The role of intramolecular self-destruction of reactive metabolic intermediates in determining toxicity
2016 (English)In: Journal of Applied Toxicology, ISSN 0260-437X, E-ISSN 1099-1263, Vol. 36, no 4, 483-500 p.Article, review/survey (Refereed) PublishedText
When reactive centers are formed in chemical conversions, intermolecular reactions tend to dominate over intramolecular alternatives whenever both alternatives are possible. Hence, when reactive metabolites are formed from xenobiotics, intramolecular quenching by moieties adjacent to a toxicophore may play an important role in reducing toxicity related to reactive intermediates. The phenomenon is likely to be particularly noticeable for toxicophores that are readily associated with a type of toxicity that is rarely caused by other structural motives. In two demonstrative investigations, it is concluded that nitrobenzenes for which the expected nitrosyl metabolite is likely to react with adjacent groups are less toxic than what is rationally expected, and that among aryl amine drugs allowing for the immediate quenching of the corresponding N-aryl hydroxylamine metabolite, the typical erythrocyte toxicity often seen with aryl amines is absent. The deliberate introduction of effective quenching groups nearby a toxicophoric moiety may present a potential strategy for reducing toxicity in the design of drugs and other man-made xenobiotics. Copyright (c) 2015 John Wiley & Sons, Ltd. Intermolecular reactions tend to dominate over intramolecular alternatives when both alternatives are possible. Consequently, for reactive metabolites of xenobiotics, intramolecular quenching by moieties adjacent to a toxicophore may reduce toxicity related to reactive intermediates. In two demonstrative cases, nitrobenzenes and aryl amine drugs, the toxicity characteristic of the toxicophore is absent for drugs that can undergo intramolecular quenching.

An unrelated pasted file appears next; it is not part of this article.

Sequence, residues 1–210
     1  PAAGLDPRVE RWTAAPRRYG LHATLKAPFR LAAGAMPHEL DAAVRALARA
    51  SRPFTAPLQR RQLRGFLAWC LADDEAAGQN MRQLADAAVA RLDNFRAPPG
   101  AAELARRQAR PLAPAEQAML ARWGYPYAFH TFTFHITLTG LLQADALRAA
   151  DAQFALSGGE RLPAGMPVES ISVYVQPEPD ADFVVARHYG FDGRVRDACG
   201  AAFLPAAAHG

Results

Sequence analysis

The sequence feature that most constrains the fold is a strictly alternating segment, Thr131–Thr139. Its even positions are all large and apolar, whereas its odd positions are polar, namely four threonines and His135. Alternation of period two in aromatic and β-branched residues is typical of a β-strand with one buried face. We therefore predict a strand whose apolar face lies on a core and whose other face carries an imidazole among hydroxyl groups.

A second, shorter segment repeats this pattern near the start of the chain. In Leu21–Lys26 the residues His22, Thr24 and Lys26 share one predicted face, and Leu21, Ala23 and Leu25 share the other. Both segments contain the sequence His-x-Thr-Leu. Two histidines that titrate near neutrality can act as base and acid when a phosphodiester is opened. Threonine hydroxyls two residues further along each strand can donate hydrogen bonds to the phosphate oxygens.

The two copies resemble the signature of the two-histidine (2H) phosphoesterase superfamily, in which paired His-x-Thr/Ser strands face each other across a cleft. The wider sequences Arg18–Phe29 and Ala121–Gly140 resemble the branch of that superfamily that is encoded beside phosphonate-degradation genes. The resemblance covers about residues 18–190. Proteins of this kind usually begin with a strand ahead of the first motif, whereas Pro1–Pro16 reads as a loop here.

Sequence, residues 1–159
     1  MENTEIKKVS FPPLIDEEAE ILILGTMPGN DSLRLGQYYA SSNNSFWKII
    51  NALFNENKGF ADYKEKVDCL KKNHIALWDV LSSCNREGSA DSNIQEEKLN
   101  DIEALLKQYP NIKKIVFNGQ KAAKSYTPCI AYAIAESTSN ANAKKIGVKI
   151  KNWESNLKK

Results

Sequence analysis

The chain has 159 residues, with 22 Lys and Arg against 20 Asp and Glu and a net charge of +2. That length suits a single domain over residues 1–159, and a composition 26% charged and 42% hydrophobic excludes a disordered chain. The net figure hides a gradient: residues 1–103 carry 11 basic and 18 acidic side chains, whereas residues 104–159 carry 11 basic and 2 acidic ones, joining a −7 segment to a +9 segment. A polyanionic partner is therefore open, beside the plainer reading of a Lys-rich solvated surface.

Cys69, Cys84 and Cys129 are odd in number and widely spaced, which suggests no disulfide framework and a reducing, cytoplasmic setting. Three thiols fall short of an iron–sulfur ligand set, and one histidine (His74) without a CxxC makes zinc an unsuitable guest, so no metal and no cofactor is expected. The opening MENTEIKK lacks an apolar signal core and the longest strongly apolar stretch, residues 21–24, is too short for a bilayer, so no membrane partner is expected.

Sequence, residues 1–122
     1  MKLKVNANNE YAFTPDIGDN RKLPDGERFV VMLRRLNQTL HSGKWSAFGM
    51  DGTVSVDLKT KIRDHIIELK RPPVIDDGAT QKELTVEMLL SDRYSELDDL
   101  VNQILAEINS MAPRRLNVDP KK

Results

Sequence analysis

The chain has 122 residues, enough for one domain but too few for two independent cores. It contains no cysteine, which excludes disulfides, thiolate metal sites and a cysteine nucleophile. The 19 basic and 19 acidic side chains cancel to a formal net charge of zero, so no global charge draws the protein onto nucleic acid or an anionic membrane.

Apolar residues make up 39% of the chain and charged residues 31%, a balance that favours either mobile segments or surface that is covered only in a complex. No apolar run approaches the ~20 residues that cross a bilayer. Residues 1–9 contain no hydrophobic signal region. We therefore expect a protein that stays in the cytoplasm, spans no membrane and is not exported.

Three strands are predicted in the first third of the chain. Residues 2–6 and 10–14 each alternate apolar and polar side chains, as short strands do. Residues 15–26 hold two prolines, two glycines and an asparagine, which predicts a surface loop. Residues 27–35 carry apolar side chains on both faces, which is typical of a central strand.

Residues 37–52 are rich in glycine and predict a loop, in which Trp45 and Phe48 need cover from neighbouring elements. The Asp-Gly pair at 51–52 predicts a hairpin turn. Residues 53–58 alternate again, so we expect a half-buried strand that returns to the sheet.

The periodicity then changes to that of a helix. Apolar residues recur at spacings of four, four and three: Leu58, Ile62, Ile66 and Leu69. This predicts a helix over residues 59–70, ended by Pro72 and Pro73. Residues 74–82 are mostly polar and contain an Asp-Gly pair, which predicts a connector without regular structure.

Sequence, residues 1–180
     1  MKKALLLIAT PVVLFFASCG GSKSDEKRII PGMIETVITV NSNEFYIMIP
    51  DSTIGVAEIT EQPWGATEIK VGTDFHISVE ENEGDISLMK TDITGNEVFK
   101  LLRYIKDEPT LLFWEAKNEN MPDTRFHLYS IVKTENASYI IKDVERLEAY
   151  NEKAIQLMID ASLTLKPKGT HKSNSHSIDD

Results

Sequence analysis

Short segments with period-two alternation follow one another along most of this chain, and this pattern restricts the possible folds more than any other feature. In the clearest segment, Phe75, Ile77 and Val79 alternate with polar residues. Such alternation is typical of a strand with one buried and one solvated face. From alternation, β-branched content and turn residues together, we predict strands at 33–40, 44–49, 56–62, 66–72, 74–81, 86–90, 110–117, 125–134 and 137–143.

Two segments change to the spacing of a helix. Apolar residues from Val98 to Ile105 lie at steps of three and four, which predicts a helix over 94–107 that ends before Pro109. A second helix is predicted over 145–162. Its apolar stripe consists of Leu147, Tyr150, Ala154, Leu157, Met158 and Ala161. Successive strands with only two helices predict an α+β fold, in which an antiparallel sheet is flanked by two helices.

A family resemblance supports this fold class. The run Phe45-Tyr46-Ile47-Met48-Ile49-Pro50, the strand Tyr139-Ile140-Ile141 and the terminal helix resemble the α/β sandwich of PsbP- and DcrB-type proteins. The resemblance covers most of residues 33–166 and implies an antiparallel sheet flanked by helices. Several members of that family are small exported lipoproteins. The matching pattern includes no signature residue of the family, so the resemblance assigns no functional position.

Place, publisher, year, edition, pages
2016. Vol. 36, no 4, 483-500 p.
drug design, medicinal chemistry, prescriptive toxicology, reactive intermediates, self-quenching
Pharmacology and Toxicology
IdentifiersURN: urn:nbn:se:uu:diva-284639DOI: 10.1002/jat.3248ISI: 000370152900001PubMedID: 26542997OAI: oai:DiVA.org:uu-284639DiVA: diva2:920885